In terms of over the top experience, the third film of the Swordsman trilogy comes very close to topping it, from Yu Rong Guang using a full sized cannon as a hand held gun to flying needles and explosions all over the sea and land. However, The East is Red leaves all of the original two films budget, set pieces, focus on details into creating a dream like film that is both romantic and exhilarating at the same time. Brigette Lin reprises her ironic character of East of Asia to menacing effect, dominating and full of presence in a truly genderless role. Joey Wang as former love interest manages to impress the most in the film and perhaps holding all the incoherent plot lines together with a sensual yet powerful performance. Her eyes radiates, her sexiness always translate, yet there lies a deeper sense of love, hate and unpredictability in her that truly competes her performance. There are rare glimpses into ideology and false pretence of people trying to use the gods to control the masses. All in all, The East is Red will not be a classic within the wuxia genre, as it is far too incoherent, suffers from some poor effects and production design. A film clearly holds together by the performances of Joey Wang and Brigette Lin. They are simply breathtaking to endure.

3.5/5

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Shanghai Grand 新上海灘 (1996) – Hong Kong

[NeoFilmShop.com] Shanghai Grand (1996) – Hong Kong

As much as I would like to fully embrace the 1996 film version of TVB – The Bund starring Chow Yun Fat, it falls short due to its lack of running time, style of substance and heavily over hammed reliance on the charisma of Leslie Cheung. Andy Lau who plays Ding Lik fails to show character and depth beyond his obvious coolness and good looks. It is unfortunately as Leslie Cheung seems to be acting in a totally different film and in the scene where he flirts and romance with Ning Jing, it feels like a cut out of a Wong Kar Wai movie. Still, the images and mood of the film is terrifically focused in the 1930s Shanghai and the chapter and character focus makes it a good expression of film noir technique. Whilst the film is beautiful to look at and even oozes with some terrific gun play and set pieces. The film ultimately leaves the audience wanting more and probably ended up a rewatching of the making of Chow Yun Fat in the 1980 original series. Interestingly the film added in an out of place SM inspired sequence and also starring an extremely young Korean Jung Woo Sung.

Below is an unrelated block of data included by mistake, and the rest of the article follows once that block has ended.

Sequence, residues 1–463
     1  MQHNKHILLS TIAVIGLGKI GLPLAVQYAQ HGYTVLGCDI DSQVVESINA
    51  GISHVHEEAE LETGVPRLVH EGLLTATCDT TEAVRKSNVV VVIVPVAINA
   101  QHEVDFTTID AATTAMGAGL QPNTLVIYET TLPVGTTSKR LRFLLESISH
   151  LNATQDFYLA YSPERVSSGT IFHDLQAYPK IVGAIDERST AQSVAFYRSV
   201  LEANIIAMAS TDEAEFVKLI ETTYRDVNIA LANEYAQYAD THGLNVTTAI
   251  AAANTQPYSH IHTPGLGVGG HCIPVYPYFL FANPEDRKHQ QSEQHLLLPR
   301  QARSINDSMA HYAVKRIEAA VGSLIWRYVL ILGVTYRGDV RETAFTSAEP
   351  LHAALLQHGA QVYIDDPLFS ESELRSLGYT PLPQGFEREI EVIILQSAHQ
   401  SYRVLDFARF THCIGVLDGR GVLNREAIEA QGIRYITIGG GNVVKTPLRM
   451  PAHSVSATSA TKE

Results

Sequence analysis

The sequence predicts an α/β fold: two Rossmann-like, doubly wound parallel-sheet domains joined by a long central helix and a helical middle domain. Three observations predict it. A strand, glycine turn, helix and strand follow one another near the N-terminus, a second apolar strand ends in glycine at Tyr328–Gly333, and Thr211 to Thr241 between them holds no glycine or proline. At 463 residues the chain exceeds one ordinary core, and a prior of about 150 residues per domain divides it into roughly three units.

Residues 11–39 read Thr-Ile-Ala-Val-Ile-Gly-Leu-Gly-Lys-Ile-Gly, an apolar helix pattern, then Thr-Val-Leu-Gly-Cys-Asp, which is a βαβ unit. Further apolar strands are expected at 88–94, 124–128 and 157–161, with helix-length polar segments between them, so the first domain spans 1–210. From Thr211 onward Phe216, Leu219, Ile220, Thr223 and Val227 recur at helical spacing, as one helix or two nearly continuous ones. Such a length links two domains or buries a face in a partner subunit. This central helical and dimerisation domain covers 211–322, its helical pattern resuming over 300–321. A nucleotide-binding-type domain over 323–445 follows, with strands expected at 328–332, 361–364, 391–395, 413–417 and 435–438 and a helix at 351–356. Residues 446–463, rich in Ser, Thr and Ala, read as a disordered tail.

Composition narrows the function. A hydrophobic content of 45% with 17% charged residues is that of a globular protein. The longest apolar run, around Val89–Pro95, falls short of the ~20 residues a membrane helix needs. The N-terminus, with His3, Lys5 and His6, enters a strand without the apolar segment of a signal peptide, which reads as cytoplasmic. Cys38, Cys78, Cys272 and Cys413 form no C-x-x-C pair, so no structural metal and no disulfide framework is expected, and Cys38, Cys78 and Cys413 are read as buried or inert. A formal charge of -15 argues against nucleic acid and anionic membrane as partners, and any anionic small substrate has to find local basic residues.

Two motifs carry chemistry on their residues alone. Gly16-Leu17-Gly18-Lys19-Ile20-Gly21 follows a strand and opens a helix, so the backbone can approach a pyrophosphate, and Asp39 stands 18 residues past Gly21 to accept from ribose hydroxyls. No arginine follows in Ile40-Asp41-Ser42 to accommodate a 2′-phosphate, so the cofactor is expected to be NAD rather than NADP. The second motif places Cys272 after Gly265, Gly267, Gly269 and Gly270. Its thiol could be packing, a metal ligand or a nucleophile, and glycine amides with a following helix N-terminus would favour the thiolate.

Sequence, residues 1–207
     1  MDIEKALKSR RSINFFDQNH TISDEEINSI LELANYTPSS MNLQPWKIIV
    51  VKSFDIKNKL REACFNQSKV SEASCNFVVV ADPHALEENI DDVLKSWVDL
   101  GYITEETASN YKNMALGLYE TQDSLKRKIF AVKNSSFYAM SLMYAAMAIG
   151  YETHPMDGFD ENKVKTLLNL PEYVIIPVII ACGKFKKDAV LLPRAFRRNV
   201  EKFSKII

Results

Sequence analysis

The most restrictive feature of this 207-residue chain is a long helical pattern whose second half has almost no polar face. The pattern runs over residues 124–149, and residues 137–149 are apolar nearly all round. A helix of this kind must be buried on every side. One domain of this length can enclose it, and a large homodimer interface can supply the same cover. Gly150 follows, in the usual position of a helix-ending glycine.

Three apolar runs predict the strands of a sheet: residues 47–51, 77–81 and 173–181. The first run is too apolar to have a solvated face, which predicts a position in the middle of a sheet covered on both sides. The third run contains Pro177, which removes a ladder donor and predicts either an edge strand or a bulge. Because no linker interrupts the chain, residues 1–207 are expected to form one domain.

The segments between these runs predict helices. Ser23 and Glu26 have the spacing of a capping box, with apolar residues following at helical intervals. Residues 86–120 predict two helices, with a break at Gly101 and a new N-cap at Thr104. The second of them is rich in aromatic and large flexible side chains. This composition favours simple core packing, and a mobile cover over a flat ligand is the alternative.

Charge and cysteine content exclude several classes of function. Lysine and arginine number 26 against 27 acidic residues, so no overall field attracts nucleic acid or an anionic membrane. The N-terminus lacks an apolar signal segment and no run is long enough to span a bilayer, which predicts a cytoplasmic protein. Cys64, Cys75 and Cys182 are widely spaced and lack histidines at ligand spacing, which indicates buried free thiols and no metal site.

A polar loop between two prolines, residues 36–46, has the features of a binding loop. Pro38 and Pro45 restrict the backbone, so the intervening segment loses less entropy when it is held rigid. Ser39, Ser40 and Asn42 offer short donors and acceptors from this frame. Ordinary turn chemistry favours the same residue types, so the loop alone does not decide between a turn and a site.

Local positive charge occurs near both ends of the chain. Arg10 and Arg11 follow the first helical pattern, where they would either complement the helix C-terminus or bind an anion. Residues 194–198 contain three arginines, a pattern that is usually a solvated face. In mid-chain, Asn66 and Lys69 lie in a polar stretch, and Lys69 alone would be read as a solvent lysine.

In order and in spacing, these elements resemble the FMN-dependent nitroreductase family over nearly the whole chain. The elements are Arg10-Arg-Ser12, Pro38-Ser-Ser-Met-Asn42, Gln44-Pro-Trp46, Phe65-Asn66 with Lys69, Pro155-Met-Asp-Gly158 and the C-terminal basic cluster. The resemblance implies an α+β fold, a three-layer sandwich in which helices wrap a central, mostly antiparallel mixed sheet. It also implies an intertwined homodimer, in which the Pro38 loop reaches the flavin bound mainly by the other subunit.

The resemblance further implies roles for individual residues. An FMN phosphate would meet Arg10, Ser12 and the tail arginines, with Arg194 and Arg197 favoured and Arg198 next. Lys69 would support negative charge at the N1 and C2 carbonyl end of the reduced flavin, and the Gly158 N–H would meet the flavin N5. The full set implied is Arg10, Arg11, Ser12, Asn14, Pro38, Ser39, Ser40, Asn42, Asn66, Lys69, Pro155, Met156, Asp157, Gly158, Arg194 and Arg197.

3/5

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Front Page 新半斤八两 (1990) – Hong Kong

[NeoFilmShop.com] Front Page (1990) – Hong Kong

Try embracing the greatest comedian Hong Kong have ever produced and few will not say it is Mr. Michael Hui. His pursue of continuous improvement in his art makes him all the more unique within a difficult industry to stay relevant for so long. Front Page is an emotional reunite of the Hui Brothers after many years and ended up as one of their last combined hits. We witness an all time classic in the making through its laugh out sequences and plenty of those memorable moments. The Hui Brothers movies are like a social commentary reflecting the circumstances of their time and the history of Hong Kong society. In this film, we get to understand the media and what attracts people attention ultimately kills the journey of true journalism. The recent film The Menu undoubtedly share similar values and themes and in that we salute the Hui Brothers for always being the fore front of Hong Kong cinema and like the films of Woody Allen, they are simply timeless.

5/5